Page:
The coalition, which addresses racial inequities and lack of BIPOC representation in the healthcare industry, awarded $2,000 to four nurses to cover education and advancement costs in their pursuit of a nursing career.
Scholarship recipients were selected based on the submission of a personal essay on their vision of a career in nursing. With more than 125 applicants, two of the winners come from the Bronx: Destiny Ashley and Kamoy Beagle.
Ashley, 17, of Wakefield, witnessed firsthand the qualities nurses possess in their ability to heal patients when her younger sister was born prematurely with a cleft lip and palate. Growing up in the Bronx, which has been designated as the least healthy county in New York State, Ashley has seen how many people lack health insurance and suffer from asthma, diabetes and hypertension.
“There are a lot of problems in the Bronx in terms of health,” she said.
Surrounded by her parents, Adobe and Leroy, both nurses, Ashley has always had a yearning to be in the medical field and make a difference like her parents. All of these things inspired the teen to want to become a registered nurse. Needless to say, Ashley was elated when she received news that she was a recipient of the scholarship.
“I’m very grateful for the money for school,” she said. “This was one of the scholarships I wanted.”
Reflecting on her past, Ashley credits her teachers and guidance counselors for pushing her to work hard. “If you show that you really care about your studies doors will open up for you,” she said.
After seeing how the pandemic has affected the Bronx, specifically the Wakefield area, Ashley knows that nurses and doctors are needed now more than ever.
“It’s like a sense of duty,” she said about becoming a nurse. “If I don’t help, who will.”
Inspired by the role nurses play in advocating for the vulnerable — as well as her parents — Ashley will be attending Pace University in the fall and hopes to become a traveling nurse.
Beagle, 17, of Parkchester, has wanted to be a nurse ever since she was a child in Jamaica.
She grew up surrounded by people in the medical field. Her grandmother was a certified registered nursing assistant, she has aunt who is a doctor, an aunt who is a home health aide and a stepmom who works in a nursing home.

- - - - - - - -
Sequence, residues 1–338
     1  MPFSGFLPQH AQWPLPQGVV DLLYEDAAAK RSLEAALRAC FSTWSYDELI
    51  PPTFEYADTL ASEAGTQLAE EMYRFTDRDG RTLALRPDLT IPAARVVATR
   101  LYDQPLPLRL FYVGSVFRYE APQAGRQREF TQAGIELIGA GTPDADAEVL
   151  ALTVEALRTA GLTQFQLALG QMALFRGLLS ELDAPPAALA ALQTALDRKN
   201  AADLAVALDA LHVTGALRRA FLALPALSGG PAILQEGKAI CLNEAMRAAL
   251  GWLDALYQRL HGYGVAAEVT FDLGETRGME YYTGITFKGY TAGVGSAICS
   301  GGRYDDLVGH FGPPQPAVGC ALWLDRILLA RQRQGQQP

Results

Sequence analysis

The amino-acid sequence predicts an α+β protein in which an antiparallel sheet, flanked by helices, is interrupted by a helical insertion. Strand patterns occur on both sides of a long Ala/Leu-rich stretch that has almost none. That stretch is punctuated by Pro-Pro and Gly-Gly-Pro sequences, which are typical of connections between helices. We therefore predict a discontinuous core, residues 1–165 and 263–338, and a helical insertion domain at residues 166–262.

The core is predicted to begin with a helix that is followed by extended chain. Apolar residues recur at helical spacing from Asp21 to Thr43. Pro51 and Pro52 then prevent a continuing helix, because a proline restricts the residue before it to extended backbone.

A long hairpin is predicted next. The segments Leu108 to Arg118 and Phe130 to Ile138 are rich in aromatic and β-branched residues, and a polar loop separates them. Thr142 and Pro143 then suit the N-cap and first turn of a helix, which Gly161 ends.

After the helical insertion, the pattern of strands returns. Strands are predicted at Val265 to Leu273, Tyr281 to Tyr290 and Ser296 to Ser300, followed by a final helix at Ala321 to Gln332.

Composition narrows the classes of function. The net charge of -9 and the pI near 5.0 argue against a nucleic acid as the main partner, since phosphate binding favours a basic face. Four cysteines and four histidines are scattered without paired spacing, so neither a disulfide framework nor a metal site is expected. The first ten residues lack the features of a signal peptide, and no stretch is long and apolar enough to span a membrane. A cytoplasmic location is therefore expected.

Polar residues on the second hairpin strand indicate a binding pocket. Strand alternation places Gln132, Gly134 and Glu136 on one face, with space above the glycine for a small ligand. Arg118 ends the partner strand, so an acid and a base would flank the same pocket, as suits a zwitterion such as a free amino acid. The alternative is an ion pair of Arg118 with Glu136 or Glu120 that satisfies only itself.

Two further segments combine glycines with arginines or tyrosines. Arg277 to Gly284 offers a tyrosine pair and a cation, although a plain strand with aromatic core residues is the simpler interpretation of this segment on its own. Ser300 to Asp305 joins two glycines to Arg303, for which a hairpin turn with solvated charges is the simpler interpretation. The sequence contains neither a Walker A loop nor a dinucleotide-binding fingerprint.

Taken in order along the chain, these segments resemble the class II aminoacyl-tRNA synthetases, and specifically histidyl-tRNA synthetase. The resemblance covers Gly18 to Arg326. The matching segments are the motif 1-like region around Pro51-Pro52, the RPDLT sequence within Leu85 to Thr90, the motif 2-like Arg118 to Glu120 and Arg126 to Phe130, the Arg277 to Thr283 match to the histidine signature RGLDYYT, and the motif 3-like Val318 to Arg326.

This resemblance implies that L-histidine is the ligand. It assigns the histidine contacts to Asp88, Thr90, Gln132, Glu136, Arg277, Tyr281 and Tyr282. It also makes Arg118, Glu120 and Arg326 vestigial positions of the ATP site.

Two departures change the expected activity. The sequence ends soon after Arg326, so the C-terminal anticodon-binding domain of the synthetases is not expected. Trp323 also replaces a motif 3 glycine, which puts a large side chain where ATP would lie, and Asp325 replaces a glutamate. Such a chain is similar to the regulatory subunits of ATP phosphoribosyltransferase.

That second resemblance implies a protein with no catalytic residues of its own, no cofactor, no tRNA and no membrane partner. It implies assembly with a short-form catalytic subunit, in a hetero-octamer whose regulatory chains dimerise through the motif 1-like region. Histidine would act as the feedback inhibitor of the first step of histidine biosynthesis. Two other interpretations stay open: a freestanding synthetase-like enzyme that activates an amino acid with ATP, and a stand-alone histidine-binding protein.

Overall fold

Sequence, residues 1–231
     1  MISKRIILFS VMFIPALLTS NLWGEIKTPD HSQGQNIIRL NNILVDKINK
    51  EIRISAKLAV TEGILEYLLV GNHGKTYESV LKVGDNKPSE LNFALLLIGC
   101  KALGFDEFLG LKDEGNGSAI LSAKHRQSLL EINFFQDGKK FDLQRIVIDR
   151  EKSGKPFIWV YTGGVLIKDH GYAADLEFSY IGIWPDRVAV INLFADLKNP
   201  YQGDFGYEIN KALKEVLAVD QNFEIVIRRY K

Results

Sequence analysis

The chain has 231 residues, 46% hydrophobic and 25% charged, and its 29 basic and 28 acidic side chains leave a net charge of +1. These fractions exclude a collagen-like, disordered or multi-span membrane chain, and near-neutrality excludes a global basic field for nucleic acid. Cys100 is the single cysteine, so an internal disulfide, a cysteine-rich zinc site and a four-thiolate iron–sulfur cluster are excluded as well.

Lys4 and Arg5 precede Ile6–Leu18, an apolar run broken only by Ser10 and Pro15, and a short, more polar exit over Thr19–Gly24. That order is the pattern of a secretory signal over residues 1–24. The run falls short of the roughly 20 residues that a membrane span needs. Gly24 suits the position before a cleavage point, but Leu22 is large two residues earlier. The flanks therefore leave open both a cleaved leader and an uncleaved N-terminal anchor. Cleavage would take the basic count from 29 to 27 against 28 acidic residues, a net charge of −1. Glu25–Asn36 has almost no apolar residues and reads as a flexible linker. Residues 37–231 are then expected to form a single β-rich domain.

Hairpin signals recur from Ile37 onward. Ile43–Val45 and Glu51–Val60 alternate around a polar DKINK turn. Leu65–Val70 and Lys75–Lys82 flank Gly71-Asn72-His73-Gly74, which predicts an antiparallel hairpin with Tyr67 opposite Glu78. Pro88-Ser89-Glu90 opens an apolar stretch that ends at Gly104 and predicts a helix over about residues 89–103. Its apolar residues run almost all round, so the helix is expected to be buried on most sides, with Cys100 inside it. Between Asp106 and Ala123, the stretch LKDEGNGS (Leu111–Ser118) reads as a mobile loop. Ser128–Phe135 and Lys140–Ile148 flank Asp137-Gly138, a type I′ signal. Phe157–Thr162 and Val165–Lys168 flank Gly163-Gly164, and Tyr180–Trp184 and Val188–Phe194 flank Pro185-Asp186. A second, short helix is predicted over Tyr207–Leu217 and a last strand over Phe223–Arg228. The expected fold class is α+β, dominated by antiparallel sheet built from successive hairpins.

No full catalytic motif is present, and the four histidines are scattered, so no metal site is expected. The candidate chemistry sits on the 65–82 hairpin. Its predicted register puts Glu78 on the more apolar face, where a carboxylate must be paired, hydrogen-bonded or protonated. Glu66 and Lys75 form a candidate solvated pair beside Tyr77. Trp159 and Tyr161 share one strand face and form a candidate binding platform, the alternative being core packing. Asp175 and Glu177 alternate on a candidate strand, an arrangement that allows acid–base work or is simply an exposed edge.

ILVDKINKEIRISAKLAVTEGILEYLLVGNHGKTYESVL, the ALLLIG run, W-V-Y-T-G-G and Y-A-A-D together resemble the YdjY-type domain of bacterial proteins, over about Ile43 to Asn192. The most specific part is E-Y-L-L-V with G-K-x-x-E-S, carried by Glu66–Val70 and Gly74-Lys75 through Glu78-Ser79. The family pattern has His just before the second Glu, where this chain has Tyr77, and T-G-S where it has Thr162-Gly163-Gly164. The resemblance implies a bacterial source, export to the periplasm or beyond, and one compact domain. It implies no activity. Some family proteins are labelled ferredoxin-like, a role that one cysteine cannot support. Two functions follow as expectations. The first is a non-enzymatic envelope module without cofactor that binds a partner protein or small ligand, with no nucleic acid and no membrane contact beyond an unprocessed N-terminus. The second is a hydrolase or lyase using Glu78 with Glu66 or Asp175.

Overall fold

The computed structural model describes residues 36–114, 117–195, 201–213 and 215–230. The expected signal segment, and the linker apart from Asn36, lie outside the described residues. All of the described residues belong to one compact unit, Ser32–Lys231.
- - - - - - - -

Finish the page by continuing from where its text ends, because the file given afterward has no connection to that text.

“I wanted to study nursing because I was always fascinated by the healthcare field,” she told the Bronx Times.
She came to the U.S. at age 10, and by 13 she was volunteering after school at a nursing home in Williamsbridge where her stepmom Norda worked. She enjoyed it and participated in activities with the residents ranging from dancing to games.
As she got older, Beagle observed how many people in the Bronx struggle with their health. But what really gave her that final push towards nursing was the pandemic. Not only did many people in her community contract the coronavirus, but she watched her grandma Esther battle the disease for two months.
“During the pandemic I saw how vital healthcare workers were to the economy,” she said. “Living in the Bronx has been a firsthand experience for me. I’m just aspiring to help people.”
Beagle, who plans on attending Stony Brook University one day become a nurse anesthetist, told the Bronx Times that studying nursing was important, but the tuition was going to be tough on her family. So, receiving the scholarship was a huge burden lifted off their shoulders. She added that the scholarship also means a lot because she was recognized for her work and desire to help people.
“I was really shocked that I won the scholarship,” she said. “Many people are not able to receive this kind of aid in the Bronx. It feels very rewarding to go to college and not have to worry about financial aid.”
Reach Jason Cohen at email@example.com or (718) 260-4598. For more coverage, follow us on Twitter @bronxtimes and Facebook @bronxtimes.